Nurses' Aides and Psychiatric Aides provide supervised care for physically ill, mentally ill, injured, disabled, or infirm individuals in hospitals, care homes and institutions. Home health aides perform similar duties in the patient's home.
Aides help take the patient's temperature, pulse rate, respiration rate, and blood pressure. They provide health-related services, including administrating oral medicines. Psychiatric aides care for mentally impaired or emotionally disturbed individuals. They work with professional staff to help the patient in educational and recreational activities and in other ways.
Nursing, psychiatric, and home health aides hold about 2.2 million jobs in the US Approximately 1.5 million of these employees are nursing aides. Home health aides hold about 650,000 jobs and psychiatric aides about 60,000 jobs.
A high school diploma or equivalent may be necessary for a job as a nursing or psychiatric aide, but generally is not required for jobs as home health aides. Nursing care facilities may hire inexperienced workers who then complete a minimum of 75 hours of mandatory training and pass a competency evaluation within 4 months. Nursing and psychiatric aide training is offered in high schools, vocational-training centers, nursing care facilities and some community colleges. Courses cover body mechanics, nutrition, anatomy and physiology, infection control, communication skills, and resident rights.
Federal law for medicare funded facilities requires home health aides to pass a competency test for a wide range of skills. Federal law suggests at least 75 hours of classroom and practical training, supervised by a registered nurse before taking the test. The National Association for Home Care offers a voluntary national certification for home health aides. Some states also require aides to be licensed.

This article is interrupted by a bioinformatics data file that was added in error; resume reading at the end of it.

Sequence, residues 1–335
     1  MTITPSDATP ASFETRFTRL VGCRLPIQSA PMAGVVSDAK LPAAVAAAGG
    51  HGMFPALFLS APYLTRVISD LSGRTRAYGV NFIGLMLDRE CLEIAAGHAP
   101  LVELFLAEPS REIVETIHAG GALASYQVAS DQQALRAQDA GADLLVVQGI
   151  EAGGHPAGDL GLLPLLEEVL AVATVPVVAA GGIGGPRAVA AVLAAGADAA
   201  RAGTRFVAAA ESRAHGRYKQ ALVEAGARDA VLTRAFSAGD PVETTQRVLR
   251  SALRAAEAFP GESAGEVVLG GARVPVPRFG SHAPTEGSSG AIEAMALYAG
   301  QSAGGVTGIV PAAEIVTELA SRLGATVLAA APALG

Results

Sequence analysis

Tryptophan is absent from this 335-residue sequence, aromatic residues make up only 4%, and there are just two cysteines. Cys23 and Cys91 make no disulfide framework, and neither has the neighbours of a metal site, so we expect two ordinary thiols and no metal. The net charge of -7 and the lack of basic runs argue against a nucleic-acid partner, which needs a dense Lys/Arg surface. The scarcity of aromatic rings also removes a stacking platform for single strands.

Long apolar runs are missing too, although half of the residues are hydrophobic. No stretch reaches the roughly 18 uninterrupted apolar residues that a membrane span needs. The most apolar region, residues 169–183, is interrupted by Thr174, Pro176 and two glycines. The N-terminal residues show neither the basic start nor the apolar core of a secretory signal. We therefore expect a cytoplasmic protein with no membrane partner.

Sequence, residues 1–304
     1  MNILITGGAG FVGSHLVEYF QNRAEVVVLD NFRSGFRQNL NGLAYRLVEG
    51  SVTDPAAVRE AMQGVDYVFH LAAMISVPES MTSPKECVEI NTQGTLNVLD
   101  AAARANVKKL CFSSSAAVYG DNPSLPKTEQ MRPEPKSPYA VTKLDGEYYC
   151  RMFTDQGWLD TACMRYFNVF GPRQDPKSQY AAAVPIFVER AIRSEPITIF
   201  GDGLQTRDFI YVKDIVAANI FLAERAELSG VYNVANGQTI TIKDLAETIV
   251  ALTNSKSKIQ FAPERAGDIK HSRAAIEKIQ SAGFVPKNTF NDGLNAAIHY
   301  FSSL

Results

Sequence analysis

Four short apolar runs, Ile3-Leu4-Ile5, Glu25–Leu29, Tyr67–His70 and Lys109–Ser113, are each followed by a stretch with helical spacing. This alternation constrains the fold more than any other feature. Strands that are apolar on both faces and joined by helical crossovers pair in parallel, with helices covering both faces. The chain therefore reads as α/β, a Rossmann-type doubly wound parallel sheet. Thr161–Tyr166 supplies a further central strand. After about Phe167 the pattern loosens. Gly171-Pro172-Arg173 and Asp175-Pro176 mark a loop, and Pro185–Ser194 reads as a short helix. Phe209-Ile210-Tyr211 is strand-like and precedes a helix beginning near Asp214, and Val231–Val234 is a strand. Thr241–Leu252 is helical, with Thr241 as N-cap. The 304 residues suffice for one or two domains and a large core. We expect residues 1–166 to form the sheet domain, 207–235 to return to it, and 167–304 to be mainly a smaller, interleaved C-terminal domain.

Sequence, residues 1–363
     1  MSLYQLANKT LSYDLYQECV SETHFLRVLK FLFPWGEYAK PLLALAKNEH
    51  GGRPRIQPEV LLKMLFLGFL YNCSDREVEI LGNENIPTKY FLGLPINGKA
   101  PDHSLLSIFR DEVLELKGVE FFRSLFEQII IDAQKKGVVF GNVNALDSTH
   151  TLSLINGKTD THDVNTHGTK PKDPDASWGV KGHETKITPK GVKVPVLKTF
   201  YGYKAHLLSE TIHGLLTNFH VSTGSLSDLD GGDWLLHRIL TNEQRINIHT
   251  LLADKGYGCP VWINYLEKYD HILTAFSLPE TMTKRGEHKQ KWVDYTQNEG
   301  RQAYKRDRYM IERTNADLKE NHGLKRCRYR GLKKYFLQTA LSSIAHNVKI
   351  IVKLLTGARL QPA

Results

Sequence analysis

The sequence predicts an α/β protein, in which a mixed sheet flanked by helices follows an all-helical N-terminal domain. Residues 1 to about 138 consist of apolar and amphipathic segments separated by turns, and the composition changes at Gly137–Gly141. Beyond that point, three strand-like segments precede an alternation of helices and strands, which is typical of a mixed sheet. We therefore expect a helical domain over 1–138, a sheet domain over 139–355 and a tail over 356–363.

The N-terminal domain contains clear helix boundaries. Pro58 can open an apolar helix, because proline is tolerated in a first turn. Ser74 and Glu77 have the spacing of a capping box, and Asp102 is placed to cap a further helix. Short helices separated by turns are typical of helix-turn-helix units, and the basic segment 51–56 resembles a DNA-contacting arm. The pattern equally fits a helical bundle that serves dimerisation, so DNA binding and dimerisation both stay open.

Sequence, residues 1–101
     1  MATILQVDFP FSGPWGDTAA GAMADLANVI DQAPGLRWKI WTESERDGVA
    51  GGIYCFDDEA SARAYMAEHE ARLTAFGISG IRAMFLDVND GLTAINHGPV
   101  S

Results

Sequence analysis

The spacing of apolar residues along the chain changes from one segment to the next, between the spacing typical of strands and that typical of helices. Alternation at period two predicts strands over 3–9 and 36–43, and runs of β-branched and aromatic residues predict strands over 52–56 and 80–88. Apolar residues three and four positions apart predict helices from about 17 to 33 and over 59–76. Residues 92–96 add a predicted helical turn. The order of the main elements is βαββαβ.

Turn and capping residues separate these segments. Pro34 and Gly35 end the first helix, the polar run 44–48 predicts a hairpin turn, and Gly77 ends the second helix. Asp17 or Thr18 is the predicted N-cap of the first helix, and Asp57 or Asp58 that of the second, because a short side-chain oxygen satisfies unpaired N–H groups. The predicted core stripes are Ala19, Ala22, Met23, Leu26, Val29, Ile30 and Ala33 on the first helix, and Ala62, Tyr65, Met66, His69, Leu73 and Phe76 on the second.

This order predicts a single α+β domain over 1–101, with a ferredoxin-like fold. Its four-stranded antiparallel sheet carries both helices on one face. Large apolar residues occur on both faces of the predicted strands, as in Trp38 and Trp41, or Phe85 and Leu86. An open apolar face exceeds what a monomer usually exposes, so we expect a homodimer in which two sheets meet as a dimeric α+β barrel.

Nursing, psychiatric, and home health aides must be able to:
o perform routine tasks under the supervision of nursing and medical staff.
o help patients with all mundane and personal needs,
o provide basic medical or health services, such as taking their temperature, pulse rate, respiration rate, and blood pressure and administering oral medications,
o observer patients' physical, mental, and emotional conditions,
o Work in a team under professional supervision
o socialize with patients.
Overall employment of aides is projected to grow much faster than average for all US occupations, although individual occupational growth rates will vary.
How much do Nursing, Psychiatric, and Home Health Aides Earn?
Median hourly earnings of nursing aides, orderlies, and attendants were $ 10.09 in May 2004. Fifty percent earned between $ 8.59 and $ 12.09 an hour. The lowest incomes were less than $ 7.31, and the highest 10 percent earned more than $ 14.02 an hour.
A Day in a Nursing, Psychiatric, and Home Health Aide's Life:
On a typical day a Nursing, psychiatric and home health aide will:
o answer patients' call lights, deliver messages, serve meals, make beds, and help patients to eat, dress, and bathe,
o provide skin care to patients, take their temperature, pulse rate, respiration rate, and blood pressure, and help them to get into and out of bed and walk,
o escort patients to operating and examining rooms, keep patients' rooms neat, set up equipment, store and move supplies, and assist with some procedures,
o observer patients' physical, mental, and emotional conditions and report to the nursing or medical staff,
o administrator oral medicines ,.
o change nonsterile dressings, give massages and alcohol rubs, or assist with braces and artificial limbs,
o socialize with patients and lead them in educational and recreational activities.
I hope this article gives you a good idea of what is involved in the career of a Nursing, Psychiatric, or Home Health Aide. Health care is the largest industry in the world. In the US about 14 million people work in the health care field. More new wage and salary jobs are in health care than in any other industry. (Some figures from Bureau of Labor Statistics.)